Friday sees the start of the AIBA World Boxing Championships as fighters from all over the globe descend on the city of Almaty in Kazakhstan, each dreaming of walking away with a gold medal.
The action itself doesn't get under way until Monday but the tournament officially begins on Friday with the arrival and registration of the various nations and their boxers. Amongst them will be representatives from both Great Britain and Ireland with each team naming a Sky Sports Scholar in their number.
Jack Bateson will compete for Great Britain in the light-flyweight division with middleweight Jason Quigley boxing for Ireland. The pair are ranked in the top 10 at their respective weights by the AIBA and will both be aiming to add their names to the list of greats to have won gold since the championships' inception in 1974.
Cuba, where the first World Championships were held, have amassed the most medals overall with 116 in that time, as well as claiming the highest number of golds with Russia, their nearest challengers on a total of 55, still some way off - even if you include the further 44 won as the Soviet Union.
With such an illustrious history in the competition it is perhaps unsurprising that Cuba also boast some of the most successful individuals in the tournament's past.
Felix Savón won the heavyweight gold six consecutive times between 1986 and 1997. The fact he had to settle for silver in 1999 was seen as both a shock and a disappointment after over a decade of such dominance in the division.
However, it was arguably another Cuban who was viewed as the greatest boxer to have graced the World Championships. Teófilo Stevenson may 'only' have claimed three golds at the championships - the heavyweight title in 1974 and 1978 before a superheavyweight win in 1986 - but there was no doubting his talent.
Right up until his death, aged 60, in June 2012, the debate continued among boxing fans as to whether Stevenson could have defeated the legendary Muhammad Ali if he had turned professional.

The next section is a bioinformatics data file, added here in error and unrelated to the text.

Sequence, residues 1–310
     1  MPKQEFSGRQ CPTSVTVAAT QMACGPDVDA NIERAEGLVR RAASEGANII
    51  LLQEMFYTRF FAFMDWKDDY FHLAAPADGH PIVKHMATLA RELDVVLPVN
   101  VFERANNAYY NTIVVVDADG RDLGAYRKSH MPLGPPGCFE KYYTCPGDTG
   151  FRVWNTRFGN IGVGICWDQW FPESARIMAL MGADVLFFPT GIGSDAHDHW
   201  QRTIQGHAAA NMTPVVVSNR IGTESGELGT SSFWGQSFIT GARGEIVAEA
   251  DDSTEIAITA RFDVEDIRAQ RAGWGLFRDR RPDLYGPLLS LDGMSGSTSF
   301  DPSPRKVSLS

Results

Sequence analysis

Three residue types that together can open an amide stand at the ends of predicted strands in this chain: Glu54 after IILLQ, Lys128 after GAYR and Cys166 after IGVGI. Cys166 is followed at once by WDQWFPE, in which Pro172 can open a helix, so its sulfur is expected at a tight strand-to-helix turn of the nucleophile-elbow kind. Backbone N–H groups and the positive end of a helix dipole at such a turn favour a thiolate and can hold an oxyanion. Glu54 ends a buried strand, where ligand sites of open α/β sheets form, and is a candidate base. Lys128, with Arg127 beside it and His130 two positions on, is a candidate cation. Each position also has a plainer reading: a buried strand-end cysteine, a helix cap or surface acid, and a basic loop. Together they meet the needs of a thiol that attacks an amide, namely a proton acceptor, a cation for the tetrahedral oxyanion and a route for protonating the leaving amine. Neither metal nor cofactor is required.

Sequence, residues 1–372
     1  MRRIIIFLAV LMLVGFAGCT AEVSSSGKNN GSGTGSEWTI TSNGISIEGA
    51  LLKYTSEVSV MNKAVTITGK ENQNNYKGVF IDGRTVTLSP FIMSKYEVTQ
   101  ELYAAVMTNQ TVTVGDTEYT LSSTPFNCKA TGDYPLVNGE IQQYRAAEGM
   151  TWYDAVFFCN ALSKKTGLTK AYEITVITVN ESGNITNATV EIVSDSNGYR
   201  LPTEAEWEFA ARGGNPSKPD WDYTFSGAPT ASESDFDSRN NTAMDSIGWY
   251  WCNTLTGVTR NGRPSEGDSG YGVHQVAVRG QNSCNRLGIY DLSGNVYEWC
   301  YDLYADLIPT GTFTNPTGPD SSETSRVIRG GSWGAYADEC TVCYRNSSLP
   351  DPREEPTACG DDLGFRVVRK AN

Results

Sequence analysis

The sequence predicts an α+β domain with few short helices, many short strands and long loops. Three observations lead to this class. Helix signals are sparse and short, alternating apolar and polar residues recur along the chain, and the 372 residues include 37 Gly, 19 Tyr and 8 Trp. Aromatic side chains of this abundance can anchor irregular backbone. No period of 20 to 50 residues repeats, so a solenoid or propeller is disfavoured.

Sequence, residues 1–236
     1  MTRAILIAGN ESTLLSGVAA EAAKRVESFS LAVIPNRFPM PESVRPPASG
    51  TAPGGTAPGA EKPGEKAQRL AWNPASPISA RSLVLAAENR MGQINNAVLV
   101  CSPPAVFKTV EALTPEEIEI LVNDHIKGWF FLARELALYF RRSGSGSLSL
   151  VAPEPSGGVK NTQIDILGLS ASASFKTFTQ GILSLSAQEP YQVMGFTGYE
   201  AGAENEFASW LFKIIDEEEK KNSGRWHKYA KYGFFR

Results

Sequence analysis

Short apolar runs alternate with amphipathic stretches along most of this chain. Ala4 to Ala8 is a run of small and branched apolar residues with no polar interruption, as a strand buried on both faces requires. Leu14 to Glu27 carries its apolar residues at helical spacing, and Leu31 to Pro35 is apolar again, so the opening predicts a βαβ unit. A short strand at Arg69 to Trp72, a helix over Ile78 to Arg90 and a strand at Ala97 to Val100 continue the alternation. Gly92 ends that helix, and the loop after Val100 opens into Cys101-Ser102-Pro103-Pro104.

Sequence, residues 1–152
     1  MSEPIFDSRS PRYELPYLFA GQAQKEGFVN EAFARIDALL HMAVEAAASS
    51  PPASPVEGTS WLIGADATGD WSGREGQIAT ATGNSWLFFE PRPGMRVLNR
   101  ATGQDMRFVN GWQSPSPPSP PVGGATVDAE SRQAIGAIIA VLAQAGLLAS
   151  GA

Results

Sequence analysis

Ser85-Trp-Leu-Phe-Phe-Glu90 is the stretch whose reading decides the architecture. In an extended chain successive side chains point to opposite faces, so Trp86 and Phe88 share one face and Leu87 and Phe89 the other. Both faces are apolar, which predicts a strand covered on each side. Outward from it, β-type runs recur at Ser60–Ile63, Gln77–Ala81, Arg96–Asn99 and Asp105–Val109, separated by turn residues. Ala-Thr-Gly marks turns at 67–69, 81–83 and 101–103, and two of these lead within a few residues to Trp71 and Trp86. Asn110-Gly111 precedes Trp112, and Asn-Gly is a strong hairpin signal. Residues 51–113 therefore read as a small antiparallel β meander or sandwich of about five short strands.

The option was certainly there in the mid-70's when Ali was at his peak, and the Cuban was fast approaching his. However, Stevenson turned down a reported $5 million purse to fight the Greatest shortly after winning his second Olympic gold in 1976, knowing that turning pro would have meant having to defect from his homeland.
We'll never know for sure whether Stevenson could have defeated Ali but there is no doubt whatsoever that there have been few, if any, better to have competed at the Worlds.
Even in more recent years there have been some big names to have competed, although not necessarily win, in the AIBA event. Vitali Klitschko reached the superheavyweight final in 1995 only to be beaten by the Russian Aleksey Lezin and before that Kostya Tszyu was the 1991 light-welterweight champion having earned bronze in the 1989 lightweight category.
2001 saw England represented by both David Haye and Carl Froch in Belfast, although neither could take home the biggest prize. Haye won silver in the heavyweight division and a 23-year-old Froch returned to Nottingham with bronze.
Meanwhile, current WBA and IBO Middleweight champion, Gennady Golovkin was just as feared in the amateur ranks and emerged victorious at the same weight in 2003.
Frankie Gavin became Britain's first World Championship gold medallist in 2007 and remains the only one to date, although both Luke Campbell and Anthony Joshua took silver in the 56kg and +91kg divisions, respectively, two years ago in Baku.
Whilst Bateson will be looking to emulate the likes of Joshua, Haye and in particular Gavin, Quigley knows he can make history should he make the final.
To date, no Irishman has progressed beyond the semi-final, meaning bronze is the best an Irish competitor has ever achieved in the men's event. Both Quigley and the rest of the Ireland team will be hoping to improve the country's record of seven bronze medals in 16 previous World Championships.
Ireland have had significantly more success in the women's event since it was established in 2001, winning four gold medals in six tournaments. On the other hand, England have managed just the one gold.
That was won last year in China by another Sky Sports Scholar, Savannah Marshall, who saw off the competition to win the middleweight crown.
Marshall will have her chance to defend her title next year in Canada but for Bateson and Quigley, the waiting is over.
Monday sees the start of the preliminaries and, they will hope, the road to being crowned world champion. The fact the championship is a straight knock-out makes it an unforgiving format, especially when you consider that the bouts consist of just three, three minute rounds.
This means that not only a bad fight will be costly; just one poor round could be enough to see even the most accomplished fighter crash out. The time to regroup and mount a steady recovery simply isn't there.
There is the additional factor that this is the first AIBA competition in which head-guards will not be used. For boxers that have been used to the added protection of the headgear for a number of years, the adjustment may be tricky and those who adapt quickest are likely to gain an advantage, even if only a psychological one.
These are the challenges that face the athletes in Almaty this month. However, after their significant achievements in the past months and years, both Jack Bateson and Jason Quigley will be backing themselves to overcome any and all obstacles put in their way once the championships begin.